The huge eccentricity adds the spice. As they wheel around each other, the smaller one (undoubtedly a class G star like the Sun) approaches as close as 0.08 AU (only 20 percent Mercury’s distance from the Sun), and then half an orbit later loops around at 1.2 AU, 16 times farther away and 20 percent farther than Earth from the Sun.
No close planets could survive the gravitational onslaught. Such stars, in which the doubling is “visible” by two techniques (only about 40 are known, and Sheratan is one of the brighter ones), allows accurate assessment of the theoretical relation between stellar mass and luminosity, and provides powerful evidence that the theory is correct. The higher mass star will die first. In a couple billion years, the lower mass G star will be the king of the pair, while the current luminary will be a shrunken dim white dwarf.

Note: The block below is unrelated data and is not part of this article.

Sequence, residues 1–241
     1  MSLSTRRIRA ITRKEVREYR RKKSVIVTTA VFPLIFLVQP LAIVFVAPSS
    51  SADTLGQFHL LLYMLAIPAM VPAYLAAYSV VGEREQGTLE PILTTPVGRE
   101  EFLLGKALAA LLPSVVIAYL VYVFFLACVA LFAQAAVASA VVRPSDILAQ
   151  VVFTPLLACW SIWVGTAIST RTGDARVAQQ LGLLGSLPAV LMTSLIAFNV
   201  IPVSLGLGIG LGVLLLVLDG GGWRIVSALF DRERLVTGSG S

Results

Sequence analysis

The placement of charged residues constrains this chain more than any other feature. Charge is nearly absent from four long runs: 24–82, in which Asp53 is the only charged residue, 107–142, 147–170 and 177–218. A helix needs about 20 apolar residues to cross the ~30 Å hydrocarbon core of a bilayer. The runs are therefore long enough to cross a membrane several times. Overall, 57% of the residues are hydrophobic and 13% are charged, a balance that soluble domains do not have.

For those using small telescopes, a good place to stargaze is around Gamma Arietis – aka. Mesarthim. This wide, double star with blue/white members of 4.6 magnitude is an easy one to spot. For this reason, Mesarthim was one of the very first double stars to be discovered by Robert Hooke while looking for a comet in 1664. Another easily spotted star is the binary star is Lambda, it is also a very wide double with a 5th magnitude primary and 5th magnitude secondary. For something a little harder, try 5th magnitude Pi.
The 8.8 magnitude companion is on 3 arc seconds away and will really test the resolving power of your optics and the stability of your skies. Use your highest power. If you don’t have luck, try 30 Arietis. The magnitude 7 primary star is a lovely golden yellow and the secondary is about magnitude 8 and is a distinct blue separated by about 40 arc seconds.
For a nice outreach project, try observing 53 Arietis – the “Runaway star”. Along with AE Aurigae and Mu Columbae 53 Arietis appears to be cruising right along from the region of the Great Orion Nebula!
Thank you for reading; and as always, enjoy your stargazing!
Be sure to check out The Messier Catalog while you’re at it!
For more information, check out the IAUs list of Constellations, and the Students for the Exploration and Development of Space page on Aries and Constellation Families.